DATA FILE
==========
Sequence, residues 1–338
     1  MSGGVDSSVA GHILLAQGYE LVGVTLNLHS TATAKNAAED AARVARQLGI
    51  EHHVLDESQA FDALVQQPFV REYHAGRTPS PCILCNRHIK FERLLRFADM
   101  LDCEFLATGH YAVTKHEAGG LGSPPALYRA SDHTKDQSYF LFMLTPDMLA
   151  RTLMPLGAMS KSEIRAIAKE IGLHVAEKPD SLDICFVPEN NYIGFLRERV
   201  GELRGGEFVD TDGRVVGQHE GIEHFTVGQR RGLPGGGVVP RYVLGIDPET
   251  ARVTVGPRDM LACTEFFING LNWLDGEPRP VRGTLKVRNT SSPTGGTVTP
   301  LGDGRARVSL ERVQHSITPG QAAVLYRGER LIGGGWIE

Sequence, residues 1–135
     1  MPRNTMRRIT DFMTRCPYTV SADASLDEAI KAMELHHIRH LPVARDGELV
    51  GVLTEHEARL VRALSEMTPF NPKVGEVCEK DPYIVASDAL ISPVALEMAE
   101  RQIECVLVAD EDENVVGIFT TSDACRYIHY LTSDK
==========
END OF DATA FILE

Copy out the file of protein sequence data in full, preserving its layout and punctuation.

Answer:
Sequence, residues 1–338
     1  MSGGVDSSVA GHILLAQGYE LVGVTLNLHS TATAKNAAED AARVARQLGI
    51  EHHVLDESQA FDALVQQPFV REYHAGRTPS PCILCNRHIK FERLLRFADM
   101  LDCEFLATGH YAVTKHEAGG LGSPPALYRA SDHTKDQSYF LFMLTPDMLA
   151  RTLMPLGAMS KSEIRAIAKE IGLHVAEKPD SLDICFVPEN NYIGFLRERV
   201  GELRGGEFVD TDGRVVGQHE GIEHFTVGQR RGLPGGGVVP RYVLGIDPET
   251  ARVTVGPRDM LACTEFFING LNWLDGEPRP VRGTLKVRNT SSPTGGTVTP
   301  LGDGRARVSL ERVQHSITPG QAAVLYRGER LIGGGWIE

Sequence, residues 1–135
     1  MPRNTMRRIT DFMTRCPYTV SADASLDEAI KAMELHHIRH LPVARDGELV
    51  GVLTEHEARL VRALSEMTPF NPKVGEVCEK DPYIVASDAL ISPVALEMAE
   101  RQIECVLVAD EDENVVGIFT TSDACRYIHY LTSDK